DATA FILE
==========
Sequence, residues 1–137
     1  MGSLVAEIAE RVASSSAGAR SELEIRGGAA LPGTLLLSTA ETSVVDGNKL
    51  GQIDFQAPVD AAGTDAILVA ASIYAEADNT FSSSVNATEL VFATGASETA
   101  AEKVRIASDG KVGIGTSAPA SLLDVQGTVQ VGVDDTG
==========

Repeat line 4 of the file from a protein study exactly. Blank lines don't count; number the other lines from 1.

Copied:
   101  AEKVRIASDG KVGIGTSAPA SLLDVQGTVQ VGVDDTG